October 30, 2014 / 5:35 PM / 5 years ago

European shares rise but Fed's tougher tone limits gains

(Updates with closing prices, details)

* FTSEurofirst 300 up 0.6 pct, Euro STOXX 50 up 0.5 pct

* Alcatel shares rise in short covering rally

* Fugro sinks for second day after scrapping dividend

By Blaise Robinson

PARIS, Oct 30 (Reuters) - European stocks ended higher on Thursday following a roller-coaster session, as positive corporate results and strong U.S. growth figures helped offset the Federal Reserve’s tougher tone on policy.

Earnings helped lift sentiment, with Renault gaining 2.9 percent after the automaker posted a rise in third-quarter revenue and upgraded its European auto market growth forecast for the full year.

Dutch chip equipment maker ASM International surged 13 percent after reporting strong orders and posting quarterly results that traders said were above analysts’ forecasts, in a sharp contrast with recent disappointing results and outlooks in the tech sector.

Alcatel-Lucent jumped 16 percent after the telecoms gear maker said it had squeezed out more costs to improve its gross profit margin to a better-than-expected 34 percent, sending hedge fund short sellers scrambling to unwind negative bets on the stock.

According to data from Markit, 11 percent of Alcatel’s shares are out on loan, making it one of the most shorted stocks in Europe.

So far in Europe’s earnings season, 36 percent of companies have reported results, of which 67 percent managed to meet or beat profit forecasts, and 59 percent met or beat revenue forecasts, according to Thomson Reuters StarMine data.

In absolute terms, profits are up 7.1 percent, while revenues are up 0.1 percent, highlighting the fact that Europe’s earnings rebound has mostly been coming from cost-cutting and lower financing costs.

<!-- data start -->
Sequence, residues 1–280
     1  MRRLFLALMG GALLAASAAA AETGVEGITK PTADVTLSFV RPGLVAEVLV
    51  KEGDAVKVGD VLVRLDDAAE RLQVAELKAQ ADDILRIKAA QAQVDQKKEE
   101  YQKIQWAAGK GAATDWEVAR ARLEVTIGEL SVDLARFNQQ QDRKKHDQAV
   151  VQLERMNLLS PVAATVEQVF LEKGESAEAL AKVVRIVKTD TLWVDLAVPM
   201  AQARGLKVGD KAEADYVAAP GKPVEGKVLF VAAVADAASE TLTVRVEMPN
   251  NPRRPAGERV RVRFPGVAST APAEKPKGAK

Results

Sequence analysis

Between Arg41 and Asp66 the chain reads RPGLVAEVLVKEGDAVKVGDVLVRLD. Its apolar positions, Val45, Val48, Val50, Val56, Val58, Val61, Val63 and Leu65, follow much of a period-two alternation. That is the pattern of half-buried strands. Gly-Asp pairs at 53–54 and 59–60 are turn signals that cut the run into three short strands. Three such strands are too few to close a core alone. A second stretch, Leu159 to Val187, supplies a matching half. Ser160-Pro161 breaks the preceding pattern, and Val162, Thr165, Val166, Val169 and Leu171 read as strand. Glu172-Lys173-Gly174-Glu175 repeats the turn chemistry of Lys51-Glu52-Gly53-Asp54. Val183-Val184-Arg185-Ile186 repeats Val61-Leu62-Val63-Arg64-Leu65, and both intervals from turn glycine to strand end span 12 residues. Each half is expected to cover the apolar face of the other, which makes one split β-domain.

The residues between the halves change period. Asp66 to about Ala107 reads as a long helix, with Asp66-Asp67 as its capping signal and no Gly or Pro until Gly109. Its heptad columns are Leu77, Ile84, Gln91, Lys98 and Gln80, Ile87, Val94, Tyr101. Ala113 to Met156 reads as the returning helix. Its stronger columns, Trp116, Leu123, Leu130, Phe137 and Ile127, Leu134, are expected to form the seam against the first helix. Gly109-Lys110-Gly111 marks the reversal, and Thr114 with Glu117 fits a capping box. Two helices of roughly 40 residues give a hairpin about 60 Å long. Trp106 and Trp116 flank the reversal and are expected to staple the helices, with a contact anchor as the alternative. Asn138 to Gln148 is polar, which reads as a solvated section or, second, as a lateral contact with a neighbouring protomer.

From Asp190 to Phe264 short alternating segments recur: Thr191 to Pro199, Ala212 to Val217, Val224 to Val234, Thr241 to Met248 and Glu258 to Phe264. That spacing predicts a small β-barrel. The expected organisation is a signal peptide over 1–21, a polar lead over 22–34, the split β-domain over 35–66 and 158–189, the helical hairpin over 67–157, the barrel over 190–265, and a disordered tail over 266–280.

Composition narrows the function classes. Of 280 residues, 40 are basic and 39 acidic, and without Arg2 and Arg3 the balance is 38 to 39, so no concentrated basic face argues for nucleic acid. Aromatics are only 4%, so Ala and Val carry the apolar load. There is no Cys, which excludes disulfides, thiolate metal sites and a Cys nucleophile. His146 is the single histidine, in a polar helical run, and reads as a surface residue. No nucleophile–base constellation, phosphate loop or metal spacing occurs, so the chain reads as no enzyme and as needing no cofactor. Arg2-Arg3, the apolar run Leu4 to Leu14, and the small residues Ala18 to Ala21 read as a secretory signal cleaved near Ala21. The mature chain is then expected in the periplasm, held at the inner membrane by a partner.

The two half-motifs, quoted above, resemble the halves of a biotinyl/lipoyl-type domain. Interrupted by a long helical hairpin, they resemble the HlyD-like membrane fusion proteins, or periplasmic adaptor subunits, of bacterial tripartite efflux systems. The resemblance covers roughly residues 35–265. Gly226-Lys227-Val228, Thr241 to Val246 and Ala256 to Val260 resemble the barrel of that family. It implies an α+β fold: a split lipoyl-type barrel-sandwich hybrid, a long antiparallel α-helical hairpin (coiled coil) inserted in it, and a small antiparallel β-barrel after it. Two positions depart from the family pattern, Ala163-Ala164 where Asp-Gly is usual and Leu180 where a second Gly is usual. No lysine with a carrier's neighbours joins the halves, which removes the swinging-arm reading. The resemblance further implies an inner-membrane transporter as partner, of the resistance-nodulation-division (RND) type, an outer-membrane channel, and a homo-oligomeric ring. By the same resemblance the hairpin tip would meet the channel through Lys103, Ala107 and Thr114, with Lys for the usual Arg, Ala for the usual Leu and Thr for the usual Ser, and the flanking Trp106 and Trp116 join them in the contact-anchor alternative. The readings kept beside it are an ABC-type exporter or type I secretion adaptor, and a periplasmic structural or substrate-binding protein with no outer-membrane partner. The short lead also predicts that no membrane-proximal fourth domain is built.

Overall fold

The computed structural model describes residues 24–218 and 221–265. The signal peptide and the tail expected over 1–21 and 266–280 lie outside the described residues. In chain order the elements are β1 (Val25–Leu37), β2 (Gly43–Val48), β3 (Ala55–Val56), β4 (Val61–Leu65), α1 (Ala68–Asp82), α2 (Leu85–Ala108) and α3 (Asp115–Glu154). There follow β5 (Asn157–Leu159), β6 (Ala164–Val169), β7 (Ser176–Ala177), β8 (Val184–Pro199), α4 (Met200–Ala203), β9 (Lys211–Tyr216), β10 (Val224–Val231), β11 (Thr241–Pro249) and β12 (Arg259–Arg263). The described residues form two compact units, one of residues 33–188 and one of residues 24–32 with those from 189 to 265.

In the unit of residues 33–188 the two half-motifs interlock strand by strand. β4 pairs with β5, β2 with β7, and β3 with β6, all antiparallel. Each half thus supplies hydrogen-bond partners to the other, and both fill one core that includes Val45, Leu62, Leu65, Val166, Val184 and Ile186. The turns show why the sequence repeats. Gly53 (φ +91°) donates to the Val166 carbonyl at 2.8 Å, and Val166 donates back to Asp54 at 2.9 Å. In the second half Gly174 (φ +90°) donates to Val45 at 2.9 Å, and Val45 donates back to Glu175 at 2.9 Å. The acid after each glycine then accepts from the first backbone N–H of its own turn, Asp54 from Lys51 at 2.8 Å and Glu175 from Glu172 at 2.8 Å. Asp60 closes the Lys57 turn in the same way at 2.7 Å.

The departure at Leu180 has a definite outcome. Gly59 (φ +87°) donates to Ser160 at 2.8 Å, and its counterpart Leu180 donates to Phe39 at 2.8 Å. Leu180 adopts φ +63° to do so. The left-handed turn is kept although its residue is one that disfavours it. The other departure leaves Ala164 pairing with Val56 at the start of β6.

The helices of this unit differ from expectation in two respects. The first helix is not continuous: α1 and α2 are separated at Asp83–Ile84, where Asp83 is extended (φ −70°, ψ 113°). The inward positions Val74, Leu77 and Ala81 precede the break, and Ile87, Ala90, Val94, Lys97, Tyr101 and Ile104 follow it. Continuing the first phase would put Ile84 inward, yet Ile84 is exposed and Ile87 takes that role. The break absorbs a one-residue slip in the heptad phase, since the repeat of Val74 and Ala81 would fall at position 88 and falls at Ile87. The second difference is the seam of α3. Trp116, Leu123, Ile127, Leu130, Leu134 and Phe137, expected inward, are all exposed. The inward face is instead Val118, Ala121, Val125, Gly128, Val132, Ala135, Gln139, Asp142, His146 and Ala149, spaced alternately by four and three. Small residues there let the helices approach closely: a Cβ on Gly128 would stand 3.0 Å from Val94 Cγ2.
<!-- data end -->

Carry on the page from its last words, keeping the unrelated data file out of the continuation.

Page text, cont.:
Bucking the trend on Thursday, Dutch marine services and engineering group Fugro, which serves the oil and gas industry, sank for a second day after it scrapped its 2014 dividend and warned it faced more pressure on profits in a rapidly worsening oil and gas market. The stock is down about 40 percent in two sessions.

The FTSEurofirst 300 index of top European shares ended 0.6 percent higher at 1,327.58 points. The index has risen about 9 percent since a 13-month low hit on Oct. 16.

As expected, the U.S. central bank on Wednesday ended its stimulative quantitative easing scheme, but a relatively hawkish tone to the accompanying statement prompted investors to rethink the consensus that the first U.S. interest rate hike would be late in 2015.

However, better-than-expected U.S. growth figures helped offset worries over the outlook for interest rates. Data showed on Thursday gross domestic product grew at a 3.5 percent annual pace.

“This is a key step for the Fed, and despite market jitters in the short term, it’s a necessary move as the U.S. economy is in a pretty good shape,” said Jeanne Asseraf-Bitton, head of global cross-asset research at Lyxor Asset Management.

“The global economy doesn’t need more liquidity at this point, it needs economic growth.”

The Fed’s bond-buying programme has been strongly supportive of risky assets such as equity markets worldwide in the past two years, with the FTSEurofirst 300 up about 40 percent since mid-2012.

European stock markets seen as the most risky underperformed on Thursday, with Spain’s IBEX up 0.2 percent, Portugal’s PSI 20 down 1.5 percent and Greece’s ATG down 2.8 percent.

“The biggest risks for us are in Europe. That’s where the tensions are. Germany is slowing down, and the ECB has still to deliver,” said Cyriaque Dailland, fund manager at Paris-based Convictions Asset Management.

The European Central Bank said on Thursday it had chosen Deutsche Bank, ING, State Street and Amundi to help carry out purchases of securitised private debt, which it expects will start in November as a key part of its stimulus measures to stave off deflation.

Europe bourses in 2014: link.reuters.com/pap87v

Asset performance in 2014: link.reuters.com/gap87v

Today’s European research round-up

Additional reporting by Alexandre Boksenbaum-Granier; Editing by Emelia Sithole-Matarise and Andrew Roche

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